The healthy eatwell plate update

The healthy eatwell plate update

Finally! Today the eatwell plate – the government’s official advice on what makes up a healthy plate of food – has been updated for the first time in a decade. It’s fantastic news, but long overdue; we at healthy have been calling for an update since summer 2015, when we devised our own healthy plate (see below) to reflect the very latest findings on what constitutes a healthy, balanced diet.

“Our plate reflects the Mediterranean diet, which has been linked to a host of health benefits, including reduced risk of cancer and heart disease,’ said Ellie Hughes, healthy’s editorial director. We nicknamed it the ‘eat better’ plate and it was roundly approved by experts; ‘The healthy eatwell plate is very sensible, and the good fats and ratio of vegetables to fruits are both important but doable messages,’ said nutrition therapist Ian Marber (ianmarber.com). ‘It’s aspirational, but it should be aspirational.’

The government’s eatwell plate, devised by the Food Standards Agency (food.gov.uk), is there to advise us on the basics of a healthy balanced diet, but let’s face it, so much has changed in the world of nutrition since Britney and Kevin split and Facebook was born, that it’s been begging for an overhaul.

READ MORE: Get your 5 a day: Madeleine Shaw’s foolproof tips

The newly launched plate is undeniably a step in the right direction; they’ve taken sugary treats off the plate entirely and instead placed them on the side, echoing our assertion that ‘as sugary treats are not recommended for a healthy diet, they’re not included on our plate’. They’ve also specified a limit on fruit juice, including smoothies, and emphasised that carbs should be wholegrain, plus they’ve given some plant-based dairy alternatives a mention – but we would like to see it go further still.

Firstly, we feel that a clear separation between fruit and vegetables would make it abundantly apparent that vegetables should make up the majority of our five – or preferably seven – a day. Of course fruit is beneficial for all the phytonutrients and fibre it contains, but it still contains natural sugars, which can cause peaks in blood sugar levels, encouraging the laying down of fat. In fact, a huge piece of research, which suggested eating seven portions of fruit and veg a day gives a 33 per cent reduced risk of death compared with eating less than one portion, specified that the risk of death from any cause was lowest in people eating less fruit and more vegetables. Three of your five a day should be vegetables, or five of your seven a day.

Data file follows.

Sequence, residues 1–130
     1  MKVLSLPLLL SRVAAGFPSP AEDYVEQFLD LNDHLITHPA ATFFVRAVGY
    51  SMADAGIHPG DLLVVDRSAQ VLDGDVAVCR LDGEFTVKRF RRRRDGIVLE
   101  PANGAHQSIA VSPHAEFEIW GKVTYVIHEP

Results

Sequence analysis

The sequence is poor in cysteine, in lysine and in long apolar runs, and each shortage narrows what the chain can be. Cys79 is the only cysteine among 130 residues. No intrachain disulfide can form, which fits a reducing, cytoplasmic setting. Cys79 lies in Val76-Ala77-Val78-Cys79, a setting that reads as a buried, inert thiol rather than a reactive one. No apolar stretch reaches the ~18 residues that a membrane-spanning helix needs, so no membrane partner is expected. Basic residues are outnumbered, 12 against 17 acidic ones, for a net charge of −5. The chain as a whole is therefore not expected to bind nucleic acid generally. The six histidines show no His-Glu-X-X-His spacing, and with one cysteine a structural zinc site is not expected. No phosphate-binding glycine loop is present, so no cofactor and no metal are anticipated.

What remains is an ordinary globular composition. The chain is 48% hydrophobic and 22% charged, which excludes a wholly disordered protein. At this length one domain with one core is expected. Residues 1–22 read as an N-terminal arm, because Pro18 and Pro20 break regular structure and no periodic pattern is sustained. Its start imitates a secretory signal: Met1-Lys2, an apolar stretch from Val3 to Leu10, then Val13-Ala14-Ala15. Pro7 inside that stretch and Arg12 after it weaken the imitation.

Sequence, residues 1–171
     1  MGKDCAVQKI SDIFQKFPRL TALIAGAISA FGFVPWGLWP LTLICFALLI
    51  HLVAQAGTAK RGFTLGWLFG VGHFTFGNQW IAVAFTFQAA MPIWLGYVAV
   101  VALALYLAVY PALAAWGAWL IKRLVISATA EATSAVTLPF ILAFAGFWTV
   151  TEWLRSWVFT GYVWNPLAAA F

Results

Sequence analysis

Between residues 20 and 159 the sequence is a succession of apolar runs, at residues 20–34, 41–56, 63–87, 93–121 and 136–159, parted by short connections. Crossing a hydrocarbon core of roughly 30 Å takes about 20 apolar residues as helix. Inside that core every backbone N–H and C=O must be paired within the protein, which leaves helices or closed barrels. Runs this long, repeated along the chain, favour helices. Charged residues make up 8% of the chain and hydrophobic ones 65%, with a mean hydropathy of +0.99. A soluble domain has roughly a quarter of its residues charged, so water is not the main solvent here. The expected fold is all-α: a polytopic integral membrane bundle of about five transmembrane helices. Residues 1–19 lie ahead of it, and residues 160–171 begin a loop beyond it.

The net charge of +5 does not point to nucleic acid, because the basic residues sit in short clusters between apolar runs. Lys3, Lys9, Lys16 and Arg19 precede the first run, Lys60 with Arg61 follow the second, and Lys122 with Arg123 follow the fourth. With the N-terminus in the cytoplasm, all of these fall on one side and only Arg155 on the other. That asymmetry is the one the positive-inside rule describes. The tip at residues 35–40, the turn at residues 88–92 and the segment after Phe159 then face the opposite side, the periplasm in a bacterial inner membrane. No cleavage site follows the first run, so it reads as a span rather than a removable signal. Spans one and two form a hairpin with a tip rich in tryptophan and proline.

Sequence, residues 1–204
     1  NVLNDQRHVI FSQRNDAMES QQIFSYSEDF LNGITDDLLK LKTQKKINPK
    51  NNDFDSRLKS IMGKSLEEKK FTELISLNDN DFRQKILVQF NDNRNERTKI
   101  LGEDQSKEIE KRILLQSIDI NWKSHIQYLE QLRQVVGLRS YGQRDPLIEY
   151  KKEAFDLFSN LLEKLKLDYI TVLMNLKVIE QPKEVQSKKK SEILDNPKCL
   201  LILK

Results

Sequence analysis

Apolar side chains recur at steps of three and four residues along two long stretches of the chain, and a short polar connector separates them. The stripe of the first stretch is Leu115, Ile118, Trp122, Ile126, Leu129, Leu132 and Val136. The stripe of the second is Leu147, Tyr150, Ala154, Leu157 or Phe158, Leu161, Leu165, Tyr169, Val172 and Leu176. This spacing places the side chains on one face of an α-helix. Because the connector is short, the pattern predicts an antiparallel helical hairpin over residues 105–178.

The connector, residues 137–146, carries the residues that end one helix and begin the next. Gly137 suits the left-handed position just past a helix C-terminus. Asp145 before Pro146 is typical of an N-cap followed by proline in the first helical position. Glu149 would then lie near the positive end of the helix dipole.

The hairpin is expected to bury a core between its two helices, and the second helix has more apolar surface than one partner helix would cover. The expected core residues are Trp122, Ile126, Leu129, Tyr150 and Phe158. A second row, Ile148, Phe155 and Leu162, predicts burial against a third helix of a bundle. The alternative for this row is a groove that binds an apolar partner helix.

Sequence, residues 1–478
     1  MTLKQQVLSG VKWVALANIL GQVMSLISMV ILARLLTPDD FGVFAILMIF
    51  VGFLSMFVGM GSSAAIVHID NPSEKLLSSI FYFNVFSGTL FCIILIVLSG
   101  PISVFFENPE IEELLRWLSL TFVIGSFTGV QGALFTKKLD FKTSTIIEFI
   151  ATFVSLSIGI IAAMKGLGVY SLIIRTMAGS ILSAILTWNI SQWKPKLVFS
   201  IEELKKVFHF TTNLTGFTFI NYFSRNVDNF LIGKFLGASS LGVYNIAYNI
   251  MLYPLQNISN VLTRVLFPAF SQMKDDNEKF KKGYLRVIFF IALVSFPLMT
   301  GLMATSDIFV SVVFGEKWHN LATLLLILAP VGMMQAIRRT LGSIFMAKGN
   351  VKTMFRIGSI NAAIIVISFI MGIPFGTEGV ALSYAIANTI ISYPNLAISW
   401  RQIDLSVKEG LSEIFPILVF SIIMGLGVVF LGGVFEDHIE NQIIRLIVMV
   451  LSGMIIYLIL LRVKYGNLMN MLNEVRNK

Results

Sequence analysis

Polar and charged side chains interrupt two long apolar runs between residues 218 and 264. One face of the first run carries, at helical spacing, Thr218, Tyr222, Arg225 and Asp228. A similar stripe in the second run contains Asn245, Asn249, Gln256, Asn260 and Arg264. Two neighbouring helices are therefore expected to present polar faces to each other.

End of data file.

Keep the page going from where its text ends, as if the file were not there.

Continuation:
We’re also not keen on the inclusion of low-fat dairy options, such as yoghurt, as foods labelled as ‘low fat’ often contain added sugar to give more flavour. In line with our Mediterranean approach, we would like to see a strong focus on the inclusion of good fats – nuts, seeds, healthy oils, avocado and the like. We aren’t expecting chia seeds or flax (though feel free to go ahead!), but with the abundance of evidence supporting essential fatty acids, we would like the public to reap the benefts of including them in their diet. Couldn’t a solitary avo be squeezed in the veggie section? And the sliver dedicated to unsaturated oils, though useful, could do with some suggestions; olive, sesame, rapeseed, sunflower, coconut and flax oils.

READ MORE: 5 simple ways to cut down on sugar

While we fully support the effort to remove all those white, refined carbs from the plate (how on earth were they there in the first place?), we’d like to see a little more variety and guidance on the best wholegrain, slow-release options, from rye to, dare we say it, quinoa. And finally, we’d like the protein portion of the plate to go further, with more focus on plant-based options like legumes, and the removal of processed meats altogether – they don’t form part of an ideal diet, so like the cakes and puddings we all enjoy occasionally, they should be popped on the side, not included on the plate.

We stand by our healthy eat better plate, launched in summer 2105, where a quarter is made up of ‘good’ carbohydrates – slow-release, low-glycaemic index carbs such as brown rice, granary or rye breads, or oats. A further quarter is made up of protein, such as white and (some) red meat, fish and veggie-friendly options such as eggs, dairy and legumes, with a sliver of that quarter apportioned to good fats, oily fish, nuts, seeds and healthy oils (olive, flax and coconut). Almost all of the remaining half is green and salad vegetables. The final small piece of the pie set we aside for whole fruit.

Feel free to share this article if you agree that while the new guidance is good, it could be great, and print out our plate to stick on your fridge as a healthy reminder.

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What do you think about the new eatwell plate? Tweet us at @healthymag – we love to hear from you!

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